The 'super cold' phenomenon: What is it and should we be worried? – Medical News Today

The symptoms are disturbingly familiar, and it has Australians on edge. But it is not COVID-19. It is just a common cold virus, or maybe a string of them racing through the local population. Some are thinking of it, or them, as Australia’s “super cold.”
Experts suspect the super cold’s stunning spread is due to the collision of immune systems that have been in a nearly 2-year period of isolation overwhelmed by a host of new germs all at once.
Associate Professor Dr. Ian Mackay of the University of Queensland, Australia told Medical News Today:
“Some of what we may feel are ‘super colds’ might just be normal colds that we’ve simply forgotten to recognize because Australia had successfully kept them at bay during the pandemic.”
A similar super cold effect was reported in November of last year in the U.K. as residents first ventured out from lockdown.
“Without some studies,” noted Dr. Mackay, “I’m presuming these are just everyday acute respiratory tract illnesses, caused by a range of different endemic viruses. And to be clear, when I say ‘endemic,’ I mean viruses that are always with us in some numbers; a baseline of infections that tick along.”
Similar “super cold” phenomena are likely to occur across the globe as COVID-19 safety measures are relaxed.
The symptoms people are experiencing are classic signs of an upper respiratory tract infection: runny nose, sore throat, and sticky eyes.
A dry cough may also occur, and recovery is usually within 5 to 7 days, Sydney-based Dr. Charlotte Hespe, MD, told the Daily Mail.
Some people are also experiencing flu symptoms such as fever, headache, and body aches.
These symptoms sound a lot like those of COVID-19, although COVID-19 has a few symptoms that do not accompany a cold or a flu, such as a loss of taste or smell.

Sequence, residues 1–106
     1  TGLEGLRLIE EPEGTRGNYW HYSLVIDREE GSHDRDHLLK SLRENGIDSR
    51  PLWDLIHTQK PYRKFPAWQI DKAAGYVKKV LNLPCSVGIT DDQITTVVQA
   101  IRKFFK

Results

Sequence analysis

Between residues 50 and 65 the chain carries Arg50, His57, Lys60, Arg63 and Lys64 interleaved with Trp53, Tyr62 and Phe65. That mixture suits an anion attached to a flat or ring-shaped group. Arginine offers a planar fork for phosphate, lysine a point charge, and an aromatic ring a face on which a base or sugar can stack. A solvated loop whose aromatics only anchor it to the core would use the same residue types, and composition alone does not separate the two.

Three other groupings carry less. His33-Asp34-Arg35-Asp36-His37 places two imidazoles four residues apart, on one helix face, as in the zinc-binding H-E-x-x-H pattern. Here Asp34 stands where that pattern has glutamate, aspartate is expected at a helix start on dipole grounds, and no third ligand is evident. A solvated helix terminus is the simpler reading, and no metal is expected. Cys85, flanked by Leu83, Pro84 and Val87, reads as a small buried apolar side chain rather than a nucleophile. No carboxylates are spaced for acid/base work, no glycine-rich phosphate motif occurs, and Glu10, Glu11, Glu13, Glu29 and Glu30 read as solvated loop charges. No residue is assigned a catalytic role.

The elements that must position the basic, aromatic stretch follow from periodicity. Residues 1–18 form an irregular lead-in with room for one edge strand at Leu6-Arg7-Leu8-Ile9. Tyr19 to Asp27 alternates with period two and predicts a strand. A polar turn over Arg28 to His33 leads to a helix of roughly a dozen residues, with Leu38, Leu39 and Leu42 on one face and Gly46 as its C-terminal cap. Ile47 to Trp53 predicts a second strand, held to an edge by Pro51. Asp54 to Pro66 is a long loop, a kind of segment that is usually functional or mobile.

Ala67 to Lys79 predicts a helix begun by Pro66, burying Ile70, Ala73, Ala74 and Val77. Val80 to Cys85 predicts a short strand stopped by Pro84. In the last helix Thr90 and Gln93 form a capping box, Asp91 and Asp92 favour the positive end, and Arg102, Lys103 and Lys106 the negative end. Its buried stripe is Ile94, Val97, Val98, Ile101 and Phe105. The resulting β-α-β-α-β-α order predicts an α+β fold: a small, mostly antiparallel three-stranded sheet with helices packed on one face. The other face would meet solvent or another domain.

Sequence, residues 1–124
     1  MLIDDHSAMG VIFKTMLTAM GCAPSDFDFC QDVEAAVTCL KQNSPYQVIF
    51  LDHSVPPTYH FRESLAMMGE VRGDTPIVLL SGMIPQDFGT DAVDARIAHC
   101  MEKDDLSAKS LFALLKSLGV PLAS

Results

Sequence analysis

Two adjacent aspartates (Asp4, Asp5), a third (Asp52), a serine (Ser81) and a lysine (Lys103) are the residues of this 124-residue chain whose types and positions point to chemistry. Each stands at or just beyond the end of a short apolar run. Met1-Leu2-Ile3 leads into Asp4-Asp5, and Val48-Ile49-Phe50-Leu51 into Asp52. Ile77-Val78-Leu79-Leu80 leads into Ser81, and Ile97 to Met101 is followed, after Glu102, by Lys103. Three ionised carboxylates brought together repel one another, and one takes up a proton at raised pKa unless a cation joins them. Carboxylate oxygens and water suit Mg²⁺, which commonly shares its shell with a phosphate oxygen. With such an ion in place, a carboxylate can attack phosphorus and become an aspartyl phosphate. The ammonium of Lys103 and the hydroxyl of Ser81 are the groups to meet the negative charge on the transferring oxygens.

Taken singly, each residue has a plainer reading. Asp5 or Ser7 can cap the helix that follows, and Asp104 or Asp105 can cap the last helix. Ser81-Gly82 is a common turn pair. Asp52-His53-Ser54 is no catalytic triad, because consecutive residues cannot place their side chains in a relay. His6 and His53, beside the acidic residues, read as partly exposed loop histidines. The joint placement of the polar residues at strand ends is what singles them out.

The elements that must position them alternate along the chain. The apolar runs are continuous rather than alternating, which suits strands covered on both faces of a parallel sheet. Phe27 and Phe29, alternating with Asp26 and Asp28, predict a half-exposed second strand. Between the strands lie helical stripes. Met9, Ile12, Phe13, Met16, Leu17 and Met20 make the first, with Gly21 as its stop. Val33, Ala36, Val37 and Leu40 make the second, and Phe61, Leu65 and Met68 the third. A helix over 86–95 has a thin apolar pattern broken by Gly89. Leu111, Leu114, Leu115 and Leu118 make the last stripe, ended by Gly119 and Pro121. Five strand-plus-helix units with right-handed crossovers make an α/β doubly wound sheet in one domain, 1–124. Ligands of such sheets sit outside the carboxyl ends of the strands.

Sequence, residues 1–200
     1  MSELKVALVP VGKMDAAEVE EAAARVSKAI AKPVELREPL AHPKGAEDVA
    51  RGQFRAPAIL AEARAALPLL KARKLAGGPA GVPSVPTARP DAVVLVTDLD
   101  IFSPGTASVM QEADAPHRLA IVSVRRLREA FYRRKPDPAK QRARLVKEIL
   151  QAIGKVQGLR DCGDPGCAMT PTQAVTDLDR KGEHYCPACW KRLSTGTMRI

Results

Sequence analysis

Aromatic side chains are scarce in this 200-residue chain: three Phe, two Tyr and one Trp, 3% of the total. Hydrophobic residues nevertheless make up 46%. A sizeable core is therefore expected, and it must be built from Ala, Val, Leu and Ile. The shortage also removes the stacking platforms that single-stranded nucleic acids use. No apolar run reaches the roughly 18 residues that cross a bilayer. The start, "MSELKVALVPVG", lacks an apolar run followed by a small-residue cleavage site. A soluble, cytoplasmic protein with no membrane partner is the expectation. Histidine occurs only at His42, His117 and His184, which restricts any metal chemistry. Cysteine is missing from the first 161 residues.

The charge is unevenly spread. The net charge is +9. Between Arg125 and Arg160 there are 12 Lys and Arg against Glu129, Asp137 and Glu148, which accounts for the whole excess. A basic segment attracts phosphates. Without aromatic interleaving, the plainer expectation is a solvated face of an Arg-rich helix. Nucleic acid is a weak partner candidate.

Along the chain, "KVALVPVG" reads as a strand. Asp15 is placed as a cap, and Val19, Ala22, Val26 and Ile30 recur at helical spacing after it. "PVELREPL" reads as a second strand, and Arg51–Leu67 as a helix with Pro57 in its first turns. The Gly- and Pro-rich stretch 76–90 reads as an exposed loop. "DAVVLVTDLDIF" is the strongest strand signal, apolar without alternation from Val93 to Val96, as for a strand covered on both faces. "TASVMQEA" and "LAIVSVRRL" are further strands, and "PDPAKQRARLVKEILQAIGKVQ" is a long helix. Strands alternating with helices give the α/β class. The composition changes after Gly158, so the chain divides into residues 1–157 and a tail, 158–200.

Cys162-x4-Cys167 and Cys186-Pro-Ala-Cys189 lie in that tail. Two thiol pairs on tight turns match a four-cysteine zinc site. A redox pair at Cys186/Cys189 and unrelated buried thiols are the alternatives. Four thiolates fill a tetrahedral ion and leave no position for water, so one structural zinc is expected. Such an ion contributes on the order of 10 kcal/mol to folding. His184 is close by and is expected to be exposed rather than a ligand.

The safest strategy is to take a COVID-19 test if you experience such symptoms.
A regular influenza, typically lasting 10–15 days, is more unpleasant and can be dangerous even when it is not COVID-19. Experts recommend getting available flu shots as a way to help out one’s immune system as it re-enters the world.
Experts also encourage people to remain current with COVID-19 vaccinations and boosters.
The rapid proliferation of the super cold and influenzas in Australia is seen as evidence that this year’s flu season may be difficult.
Said Dr. Mackay:
“Flu may not have a big season this year, or it may. But we know it is circulating elsewhere in the world, and with travel open, I expect it will arrive, and we’ll see a very fast-moving spread of influenza.”
“We’ll see,” speculated Dr. Mackay, “the full spectrum of outcomes from asymptomatic infections, to mild and moderate flu-like illnesses with fever, muscle aches, tiredness, and breathing issues. But we’ll also see our already busy hospitals stressed further by flu as some severe disease includes stresses on the lungs, heart, and brain.”
“Serious flu impacts the very young (the highest proportion) and the elderly. We will also see deaths, but we have traditionally been bad at accurately capturing those due to flu,” according to Dr. Mackay. “Without laboratory testing to define which virus we have, we’ll be guessing as to whether these are due to the current pandemic virus or flu or another one of 200 acute respiratory viruses.”
Another issue is “vaccine fatigue,” with many feeling they have had enough shots. Likewise, many are tired of mask-wearing and social distancing.
Fatigue notwithstanding, however, Dr. Mackay prescribed sensible behavior in the face of super colds, the flu, and COVID-19. He said we should do “the exact same things we have seen recommended for SARS-CoV-2 — our current pandemic pathogen.”
“Wash your hands (a really good general rule for keeping viruses and bacteria from infecting us); wear a mask because it’s smarter to assume these are all airborne viruses that we exhale on our breath.”
“And,” said Dr. Mackay, “meet outdoors, at least until business and leaders get serious about cleaning the air in indoor airspaces the way we expect our water and food to be free of disease-causing viruses. Indoor settings can use highly efficient filters, UV built into the [air conditioners] or a higher number of room air changes per minute.”
“Until we start to care about the air, we’re going to have to look after ourselves and keep ourselves healthy.”